One thing we know is that this bout will answer a lot of questions for both men, and it will be something well worthy of attention. A win for Hiraoka will likely push him to a Japanese title fight, whilst a win for Kondo keeps his career alive, and potentially lets him have one more run to a world title fight.
Prediction - TKO10 Kondo
Seeing unbeaten fighters clash, with similar records, is something we don't see often enough, and it's a shame as it's quite exciting to see similarly matched fighters going up against each other in bouts that look like 50-50 contests. Both where both men having something to lose and both are taking a risk are always great.
On April 8th we get one such bout as Japan's Andy Hiraoka (13-0, 9), the Japanese Youth Light Welterweight champion, takes on Thai foe Atchariya Wirojanasunobol (12-0, 5). On paper this is a mouth watering bout, a real test for both men, and the winner could end up using their victory to move towards a regional title fight, and move onwards and upwards.
The 22 year old Hiraoka first made a mark back in 2014, as an 18 year old. The tall and rangy southpaw went on to make his way to the 2014 Rookie of the Year final at Lightweight, before needing to pull out due to illness. He would then take almost 2 years away from the ring before returning in late 2016 to score a couple of wins over Thai foes. That was followed by a sensational 2017 for the youngster, who would win the Japanese Light Welterweight title in November that year. Since then has had two more wins, scoring a single defense of the title in one of those bouts.
Hiraoka is a tall and rangy fighter, standing at 5'11". He's a southpaw with good speed, really solid power, and good boxing fundamentals. He's still a maturing young man, rather than a fully grown man, and there is a sense that he could certainly mature into a strong Welterweight in the future, adding muscle and meat to his bones as he develops physically. At the moment he does struggle when he's under pressure, and isn't a great inside fighter, but at range he is very good and if he can use jab and straight shots he does look very hard to beat.
Atchariya is a 29 year old Thai who debuted in late 2014 and has slowly gone about making a name for himself. A number of his early opponents were novices, though he did score some decent early wins over Heri Andriyanto and Stevie Ongen Ferdinandus. Despite the slow start to his career it was really in 2018 that he came into his own, scoring really solid wins over Kaewfah Tor Buamas and Taisho Ozawa, his two best wins by far and both came on WP Boxing shows in Bang Phun.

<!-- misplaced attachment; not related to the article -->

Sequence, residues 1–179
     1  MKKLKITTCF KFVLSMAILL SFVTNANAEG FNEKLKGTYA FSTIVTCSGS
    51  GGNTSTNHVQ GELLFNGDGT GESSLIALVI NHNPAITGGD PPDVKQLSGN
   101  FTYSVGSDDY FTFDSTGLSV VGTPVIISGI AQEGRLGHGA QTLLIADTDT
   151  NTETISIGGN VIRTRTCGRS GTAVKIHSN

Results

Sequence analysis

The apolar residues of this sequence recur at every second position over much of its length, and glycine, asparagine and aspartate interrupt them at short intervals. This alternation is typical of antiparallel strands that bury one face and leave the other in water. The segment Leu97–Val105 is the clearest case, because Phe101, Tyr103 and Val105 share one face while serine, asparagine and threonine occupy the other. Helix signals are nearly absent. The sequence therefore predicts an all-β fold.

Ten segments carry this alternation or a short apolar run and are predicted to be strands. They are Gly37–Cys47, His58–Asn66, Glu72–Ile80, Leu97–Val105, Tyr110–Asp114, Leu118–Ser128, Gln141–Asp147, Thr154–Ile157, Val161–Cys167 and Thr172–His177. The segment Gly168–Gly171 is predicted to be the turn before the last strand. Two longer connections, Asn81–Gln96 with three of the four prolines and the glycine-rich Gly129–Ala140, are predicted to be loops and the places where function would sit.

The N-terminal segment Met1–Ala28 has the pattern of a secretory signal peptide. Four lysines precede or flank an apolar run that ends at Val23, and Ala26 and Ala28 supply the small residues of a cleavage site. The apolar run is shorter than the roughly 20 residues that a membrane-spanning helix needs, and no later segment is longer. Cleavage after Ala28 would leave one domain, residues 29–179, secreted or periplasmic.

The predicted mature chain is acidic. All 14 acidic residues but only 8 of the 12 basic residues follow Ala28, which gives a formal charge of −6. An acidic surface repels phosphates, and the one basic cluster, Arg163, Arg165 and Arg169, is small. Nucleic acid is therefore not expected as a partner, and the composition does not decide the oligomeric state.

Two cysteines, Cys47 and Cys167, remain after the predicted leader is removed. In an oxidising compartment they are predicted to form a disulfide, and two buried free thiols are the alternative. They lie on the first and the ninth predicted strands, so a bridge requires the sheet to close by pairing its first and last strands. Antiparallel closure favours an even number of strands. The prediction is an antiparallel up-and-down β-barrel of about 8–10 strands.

Atchariya is a pretty solid fighter himself. He's not a big puncher, but he does have nice variety to his shots, moves around the ring well and fights very confidently, with a lot of belief in ring IQ and how he controls distance. Despite his skills he doesn't have a great work rate, he's not hugely power or quick. He's certainly very confident in the ring, but he's not the most spectacular in any way. More a solid all rounder than a fighter who does anything amazingly well.
We suspect that the Ohashi team, who manage Hiraoka, will have selected the Thai for a reason and it's likely his work rather and lack of power. Despite that this isn't a given win for their guy and Atchariya has the ability to sneak the rounds, make Hiraoka miss and counter him. We favour Hiraoka to win, in what will perhaps be an ugly fight at times, but this is a very clear step up in class and by far his toughest bout to date.
Having canned the old "Full Schedule" of Asianboxing we have instead decided to concentrate more on the major bouts. This section, the "Preview" section will look at major bouts involving OPBF and national titles. Hopefully leading to a more informative style for, you the reader.